Recently, some hospitals in the United Kingdom were struck with a peculiar attack: computers taken over, data inside encrypted and held ransom, all for the measly payment of just $300. The attack spread rapidly, hitting 150 countries and shutting down everything from telecoms in Spain to the Interior Ministry in Russia. And then, through a stroke of luck, the WanaCryptor attack was stalled in its tracks, a killswitch discovered by happenstance just in time for the weekend. What, exactly are we to make of the largest ransomware attack in history?
The internet is an entirely human phenomenon. It is a an unfathomably vast interconnected sea of computers that hold roughly the entire sum of human knowledge to this point. It's as available to the wealthiest billionaire as it is to the kid on library WiFi, browsing on his cheap Android phone. What keeps the internet open and equal is a principle called “net neutrality,” which is as much a technological tool as an economic argument and a moral stance. It is also a principle that is periodically threatened. The latest assault comes from current FCC director Ajit Pai, who wants to change how internet companies are regulated, a move that could prove disastrous for net neutrality.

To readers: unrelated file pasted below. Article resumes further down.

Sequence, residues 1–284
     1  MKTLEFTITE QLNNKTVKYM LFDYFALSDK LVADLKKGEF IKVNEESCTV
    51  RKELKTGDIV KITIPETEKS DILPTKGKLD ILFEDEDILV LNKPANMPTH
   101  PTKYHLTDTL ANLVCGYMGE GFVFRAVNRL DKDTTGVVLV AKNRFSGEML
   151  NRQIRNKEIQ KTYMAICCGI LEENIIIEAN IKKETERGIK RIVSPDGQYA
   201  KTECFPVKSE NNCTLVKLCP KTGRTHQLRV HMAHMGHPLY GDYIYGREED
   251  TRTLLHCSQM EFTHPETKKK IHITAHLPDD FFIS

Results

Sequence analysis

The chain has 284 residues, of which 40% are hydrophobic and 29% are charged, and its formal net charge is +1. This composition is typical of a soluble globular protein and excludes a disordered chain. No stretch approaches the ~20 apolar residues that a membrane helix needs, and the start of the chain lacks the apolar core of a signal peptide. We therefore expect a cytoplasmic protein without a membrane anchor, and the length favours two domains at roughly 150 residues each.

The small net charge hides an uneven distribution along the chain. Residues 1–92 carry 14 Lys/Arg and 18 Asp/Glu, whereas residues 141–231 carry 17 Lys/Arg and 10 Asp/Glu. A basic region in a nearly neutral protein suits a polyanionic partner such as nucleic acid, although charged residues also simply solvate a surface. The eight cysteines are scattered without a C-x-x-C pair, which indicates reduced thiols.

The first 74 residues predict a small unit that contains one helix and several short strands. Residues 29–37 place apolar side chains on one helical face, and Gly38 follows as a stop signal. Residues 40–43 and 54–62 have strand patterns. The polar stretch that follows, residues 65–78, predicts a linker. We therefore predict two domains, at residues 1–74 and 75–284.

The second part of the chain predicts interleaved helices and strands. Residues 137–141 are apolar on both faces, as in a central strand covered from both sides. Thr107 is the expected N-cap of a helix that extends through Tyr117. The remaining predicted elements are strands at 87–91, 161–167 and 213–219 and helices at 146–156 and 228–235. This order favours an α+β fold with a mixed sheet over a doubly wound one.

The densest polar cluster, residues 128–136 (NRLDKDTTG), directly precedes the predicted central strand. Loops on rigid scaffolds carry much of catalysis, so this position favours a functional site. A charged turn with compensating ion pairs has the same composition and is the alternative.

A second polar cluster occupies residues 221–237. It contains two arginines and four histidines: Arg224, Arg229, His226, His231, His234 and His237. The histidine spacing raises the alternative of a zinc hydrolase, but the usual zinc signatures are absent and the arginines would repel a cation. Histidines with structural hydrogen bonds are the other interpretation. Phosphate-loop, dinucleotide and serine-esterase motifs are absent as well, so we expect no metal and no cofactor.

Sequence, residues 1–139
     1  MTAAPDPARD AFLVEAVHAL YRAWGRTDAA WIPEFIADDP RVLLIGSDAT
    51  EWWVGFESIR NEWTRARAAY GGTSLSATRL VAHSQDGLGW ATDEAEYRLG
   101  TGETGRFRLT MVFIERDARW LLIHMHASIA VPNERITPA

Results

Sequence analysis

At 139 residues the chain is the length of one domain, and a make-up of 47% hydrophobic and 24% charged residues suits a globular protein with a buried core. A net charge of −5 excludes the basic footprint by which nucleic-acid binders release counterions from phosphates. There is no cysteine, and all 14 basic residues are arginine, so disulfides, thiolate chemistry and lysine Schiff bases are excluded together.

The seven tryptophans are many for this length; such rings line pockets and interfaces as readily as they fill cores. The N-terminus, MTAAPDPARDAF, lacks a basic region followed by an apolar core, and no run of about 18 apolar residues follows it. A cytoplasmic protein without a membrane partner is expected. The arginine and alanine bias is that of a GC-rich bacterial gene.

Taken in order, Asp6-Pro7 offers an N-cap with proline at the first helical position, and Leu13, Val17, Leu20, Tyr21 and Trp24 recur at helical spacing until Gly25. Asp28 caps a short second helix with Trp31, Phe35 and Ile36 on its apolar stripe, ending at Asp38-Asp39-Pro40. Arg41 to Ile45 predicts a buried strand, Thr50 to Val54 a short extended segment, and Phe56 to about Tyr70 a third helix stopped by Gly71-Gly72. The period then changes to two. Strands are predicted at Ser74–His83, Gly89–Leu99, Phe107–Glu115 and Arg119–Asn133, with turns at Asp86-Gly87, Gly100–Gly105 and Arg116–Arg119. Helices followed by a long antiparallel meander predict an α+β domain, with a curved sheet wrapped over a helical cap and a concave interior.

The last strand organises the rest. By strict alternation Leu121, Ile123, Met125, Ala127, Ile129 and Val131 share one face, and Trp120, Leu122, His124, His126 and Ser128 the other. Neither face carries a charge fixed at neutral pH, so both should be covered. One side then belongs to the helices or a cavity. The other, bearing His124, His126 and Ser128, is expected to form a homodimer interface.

Business-to-business sales are an opaque world, driven by profit, bounded by costs, and full of unknown, confounding variables. CaliberMind, a two-year-old company founded by two former Israeli intelligence officers and an NSA data scientist, exists to help businesses seal deals with other businesses better.
It's been four years, four months, and 16 days since Apple has released a major update on its beloved high end notebooks. Today we found out, what Apple spent their time on and TL;DR: it filled me with a reptilian urge. As someone who loves this company, I'm starting to worry that they are resting on their laurels and unable to make the hard decisions they were always known for.